Thursday, July 18
- Skookumchuck, BC to Nakusp, BC
- 354 miles
After nursing our nasty mosquito bites with Benadryl, we head up the road looking for a diner. We find one and stop for a right proper Canadian breakfast. There are signs for “Mushroom Buyer” and “Cash for Mushrooms” all over town. With us being children of the sixties and seventies, the term “magic” comes to mind and we think, “Wow! Semi-legal weed, strong beer and now mushrooms? These Canadians really know how to party!”
We continue north on Hwy 93/95 and at the town of Radium Hot Springs, we turn east and enter the Kootenay National Park where Hwy 93 splits off from Hwy 95. An entrance fee is required and we soon realize that it’s worth every penny. We ride 64 miles through the heart of the Canadian Rockies. The forest and the mountains are absolutely pristine. It’s seems so remote that if your bike broke down and you didn’t hitch a ride out of this area before dark, you’d probably get eaten by wild animals. The scenery is so amazing that taking photos can’t really do it justice.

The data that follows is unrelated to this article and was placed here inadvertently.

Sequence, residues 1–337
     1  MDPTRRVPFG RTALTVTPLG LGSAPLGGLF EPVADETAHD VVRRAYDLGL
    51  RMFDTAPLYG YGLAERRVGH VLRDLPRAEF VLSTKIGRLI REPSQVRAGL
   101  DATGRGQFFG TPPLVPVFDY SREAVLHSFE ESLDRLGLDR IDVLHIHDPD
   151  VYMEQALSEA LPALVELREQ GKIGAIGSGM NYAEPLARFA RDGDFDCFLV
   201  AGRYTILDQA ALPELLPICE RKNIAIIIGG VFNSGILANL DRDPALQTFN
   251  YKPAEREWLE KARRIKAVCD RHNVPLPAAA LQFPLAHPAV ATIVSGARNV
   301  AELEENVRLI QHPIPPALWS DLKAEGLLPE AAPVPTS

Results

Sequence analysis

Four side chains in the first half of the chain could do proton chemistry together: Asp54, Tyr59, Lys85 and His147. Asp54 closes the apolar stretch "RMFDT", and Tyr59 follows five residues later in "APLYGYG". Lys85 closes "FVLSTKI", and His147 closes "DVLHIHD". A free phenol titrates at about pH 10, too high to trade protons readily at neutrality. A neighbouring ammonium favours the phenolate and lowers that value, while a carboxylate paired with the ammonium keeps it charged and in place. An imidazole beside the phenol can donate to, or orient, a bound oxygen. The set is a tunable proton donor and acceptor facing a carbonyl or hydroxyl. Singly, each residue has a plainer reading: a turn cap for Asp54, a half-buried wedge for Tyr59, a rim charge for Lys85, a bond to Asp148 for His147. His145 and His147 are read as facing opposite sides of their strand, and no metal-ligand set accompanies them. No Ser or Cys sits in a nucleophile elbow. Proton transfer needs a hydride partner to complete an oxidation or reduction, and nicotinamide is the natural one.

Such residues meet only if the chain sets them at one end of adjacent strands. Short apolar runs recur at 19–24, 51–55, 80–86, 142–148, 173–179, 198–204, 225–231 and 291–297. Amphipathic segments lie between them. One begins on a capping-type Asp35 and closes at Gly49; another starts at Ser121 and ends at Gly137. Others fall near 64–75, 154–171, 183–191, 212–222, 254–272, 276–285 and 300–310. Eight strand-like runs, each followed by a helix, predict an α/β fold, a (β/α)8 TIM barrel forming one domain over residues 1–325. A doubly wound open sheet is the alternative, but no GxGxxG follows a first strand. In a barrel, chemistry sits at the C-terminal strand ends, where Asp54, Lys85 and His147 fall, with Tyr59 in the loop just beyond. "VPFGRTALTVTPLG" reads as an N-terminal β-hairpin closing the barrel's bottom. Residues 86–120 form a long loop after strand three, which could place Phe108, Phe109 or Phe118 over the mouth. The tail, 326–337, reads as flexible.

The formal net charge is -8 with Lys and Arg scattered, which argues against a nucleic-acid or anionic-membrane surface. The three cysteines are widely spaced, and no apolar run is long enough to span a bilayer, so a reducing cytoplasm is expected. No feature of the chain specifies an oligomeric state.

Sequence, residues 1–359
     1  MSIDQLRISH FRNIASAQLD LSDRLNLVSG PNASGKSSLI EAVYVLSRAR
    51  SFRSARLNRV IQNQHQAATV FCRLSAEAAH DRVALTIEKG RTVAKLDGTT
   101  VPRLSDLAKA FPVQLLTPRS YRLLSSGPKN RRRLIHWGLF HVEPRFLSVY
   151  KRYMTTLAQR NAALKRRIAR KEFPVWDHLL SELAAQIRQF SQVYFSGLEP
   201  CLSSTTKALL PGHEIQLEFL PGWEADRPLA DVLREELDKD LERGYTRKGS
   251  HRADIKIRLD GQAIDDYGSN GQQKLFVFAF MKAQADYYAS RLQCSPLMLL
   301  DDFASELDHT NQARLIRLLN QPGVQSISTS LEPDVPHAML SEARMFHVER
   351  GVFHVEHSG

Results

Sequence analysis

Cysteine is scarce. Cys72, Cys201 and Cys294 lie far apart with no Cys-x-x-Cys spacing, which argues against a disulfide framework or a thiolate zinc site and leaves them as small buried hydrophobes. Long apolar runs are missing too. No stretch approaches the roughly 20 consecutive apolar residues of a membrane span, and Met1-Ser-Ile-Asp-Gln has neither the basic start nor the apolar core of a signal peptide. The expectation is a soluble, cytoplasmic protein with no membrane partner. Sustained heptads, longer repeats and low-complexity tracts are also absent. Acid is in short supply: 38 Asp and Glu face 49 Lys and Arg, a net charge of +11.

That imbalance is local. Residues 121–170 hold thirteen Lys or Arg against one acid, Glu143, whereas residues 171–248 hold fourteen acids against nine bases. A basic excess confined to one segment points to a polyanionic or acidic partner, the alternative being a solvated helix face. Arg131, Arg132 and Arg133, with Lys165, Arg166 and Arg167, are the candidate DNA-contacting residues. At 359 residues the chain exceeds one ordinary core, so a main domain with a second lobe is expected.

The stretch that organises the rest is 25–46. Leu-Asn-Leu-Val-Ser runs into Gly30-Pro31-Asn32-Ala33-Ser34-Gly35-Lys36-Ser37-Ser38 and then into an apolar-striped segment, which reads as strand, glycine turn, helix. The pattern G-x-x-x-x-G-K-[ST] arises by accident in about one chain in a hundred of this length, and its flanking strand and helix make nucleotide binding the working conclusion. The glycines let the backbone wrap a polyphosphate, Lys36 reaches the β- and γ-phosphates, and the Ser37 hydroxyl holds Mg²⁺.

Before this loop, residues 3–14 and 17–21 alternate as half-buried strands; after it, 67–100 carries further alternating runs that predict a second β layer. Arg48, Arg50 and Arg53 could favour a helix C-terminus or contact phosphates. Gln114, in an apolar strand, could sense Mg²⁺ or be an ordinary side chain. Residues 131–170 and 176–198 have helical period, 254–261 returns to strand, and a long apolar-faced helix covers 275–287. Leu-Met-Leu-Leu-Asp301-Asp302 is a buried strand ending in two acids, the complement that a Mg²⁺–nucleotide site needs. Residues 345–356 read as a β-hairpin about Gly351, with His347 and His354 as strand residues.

From Castle Junction, we continue up to Lake Louise in the Banff National Park and then head west through the Yoho National Park over to the town of Golden. This is world class motorcycling touring and all we’re doing is a light smorgasbord of what the area really has to offer. Next time, we’ll need to continue up Hwy 93 to Jasper like the crazy biker we met in Glacier told us. It keeps getting better as you go North? Wow! He was speaking Truth.
We continue west toward Glacier National Park, not to be confused with the National Park of the same name that straddles the US / Canada border, and we spot a sign that says we are at the source of the Columbia River. From here, it runs all the way out to the Pacific Ocean on the Oregon Coast. Our brains are stretched even further trying to comprehend the scope of it all.
We travel through Mount Revelstoke National Park, our fifth park today, and then we leave Hwy 1 at Revelstoke and head south on Hwy 23 which dead ends at the Upper Arrow Lake. We look for the ferry and we spot it way out on the lake. The lake didn’t look like much on the map, but now that we’re here, we’re very impressed with the scale of this landscape.
There’s something neat about following a road that runs right into the water. It really makes it clear that the ferry is truly part of the highway system. No charge, either.
Once we cross, we head south to the Nakusp Hot Springs and set up camp. We learn how to flip Toonies to campground clerks and we spend a very enjoyable evening in camp.
(click a photo to launch slideshow)